The narrator has no general sense of empathy and social connection, and thus she doesn’t share most of the colony’s common beliefs. Something there isn’t right, something isn’t right with the brother, and the narrator is determined to find the truth, not caring what it upsets.
The narrative comes from an interestingly different angle, which makes for a thought-provoking piece. Much, like the scans that reveal the narrator’s psychopathy, remains unexplained. What we see is a society that refuses to examine its assumptions and preconceptions. The narrator’s scan says “psychopath” so everything they say must be a lie. The brother presents outwardly as “nice”, so everything he says must be true, especially if he blames the narrator. But before the scan, the same people assumed the narrator was likewise “nice”. And despite the received wisdom of the therapists, the narrator does indeed have a sense of right and wrong, which is to say the recognition of the rules society expects its members to follow and which will be punished if transgressed. The narrator seems to have made the rational and self-benefitting decision to be a useful member of the society in which they live. The narrator is also capable of forming attachments – most notably to the sister, who has always been a friend. The conclusion would certainly be seen as an act of love, if it were anyone else.
Saying sorry to your sister when she’s hurt is the right thing to do. I follow my lists. Better than the gossips. Better than my brother. They’re worth less than a bird in a cage.
[*] There is significant evidence now that a brain scan can indeed reveal a psychopathic pattern, even if not all individuals exhibiting this pattern engage in criminal behavior.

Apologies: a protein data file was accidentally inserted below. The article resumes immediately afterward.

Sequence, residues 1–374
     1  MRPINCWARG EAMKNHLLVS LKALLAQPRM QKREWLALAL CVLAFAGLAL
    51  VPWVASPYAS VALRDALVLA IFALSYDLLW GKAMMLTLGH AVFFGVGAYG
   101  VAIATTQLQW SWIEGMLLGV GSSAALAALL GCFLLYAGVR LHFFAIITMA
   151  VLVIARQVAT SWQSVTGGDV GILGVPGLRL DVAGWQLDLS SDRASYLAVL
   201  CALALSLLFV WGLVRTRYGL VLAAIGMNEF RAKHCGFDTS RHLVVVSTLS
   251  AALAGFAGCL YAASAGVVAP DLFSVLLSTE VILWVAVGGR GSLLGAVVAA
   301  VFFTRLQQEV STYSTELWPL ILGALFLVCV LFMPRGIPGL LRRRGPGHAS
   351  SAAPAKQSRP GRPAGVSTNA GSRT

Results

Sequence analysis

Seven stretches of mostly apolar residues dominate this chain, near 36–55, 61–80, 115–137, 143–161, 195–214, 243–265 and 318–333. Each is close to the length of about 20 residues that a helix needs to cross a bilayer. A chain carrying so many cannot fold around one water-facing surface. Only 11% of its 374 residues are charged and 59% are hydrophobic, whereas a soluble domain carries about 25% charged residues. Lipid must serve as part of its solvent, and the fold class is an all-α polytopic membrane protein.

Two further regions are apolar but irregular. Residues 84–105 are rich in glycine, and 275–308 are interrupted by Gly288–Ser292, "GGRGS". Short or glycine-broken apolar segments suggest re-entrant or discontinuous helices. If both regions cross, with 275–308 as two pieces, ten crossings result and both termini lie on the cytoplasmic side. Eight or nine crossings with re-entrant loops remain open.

Mayumi was orphaned at a young age and raised by her Grandma. While Mayumi has grown up to be a withdrawn personality, Obāchan is outgoing and calls herself the Great Detective, claiming to know the truth about where things belong. People come to her to find things. Grandma claims that her ability was the gift of an alien, which of course Mayumi doesn’t believe; she is rather embarrassed by her grandmother, particularly when she tries to set Mayumi up with a taiko drummer. Eventually, though, she comes to understand.
It shows her a hard night twenty years ago, a woman walking home through a storm, wishing her life were different. A fall about to happen. (Was it deliberate? thinks Mayumi. Did she want to fall? A lost husband, a lost child, an old railing, an accident waiting to happen.) But there was something there, something to reach out strange arms to catch her when she came unmoored. A secret, hidden thing that wanted to help, that understood the truth.
A positive work, in the heartwarming spectrum.
Now here’s an idea: what do Bluebeard’s wife and Pandora have in common? They both opened a door that they were told not to; they both said “No” to “Don’t”. Cade takes this theme and runs far with it in this long novella. Pandora’s box, it seems, is magically potent; it enables its holders to travel in time and space as well as serving as a universal translator. But it only homes in on women who resist [male] abuse and authority. Sort of. Pandora appeared several times to Bluebeard in the course of his serial uxoricide, whereby he thought he was being haunted by a demon, but she could never fully materialize until his last wife refuses to react as he had wanted, defying him and ready to take the consequences. Pandora, too, in Cade’s version, was abused by her husband, and this forms a link – yet not, at first, to the victims but the perpetrator. From this beginning, Cade works up a social critique on the subjugated position of women throughout history.
The lack of consequences wasn’t because Bluebeard was particularly brave, but because no one else particularly cared. Wives dying, in quick succession, with no childbed or disease to account for it and no bodies to be decently buried. The whole damn countryside knew what was going on in that castle, thought Pandora, and they sent him their daughters anyway, gifted up for gold and the sense of power they got from being the in-laws, however briefly, of nobility. The box hadn’t brought her to a man that said “no.” It had brought her to an entire community that said “yes.”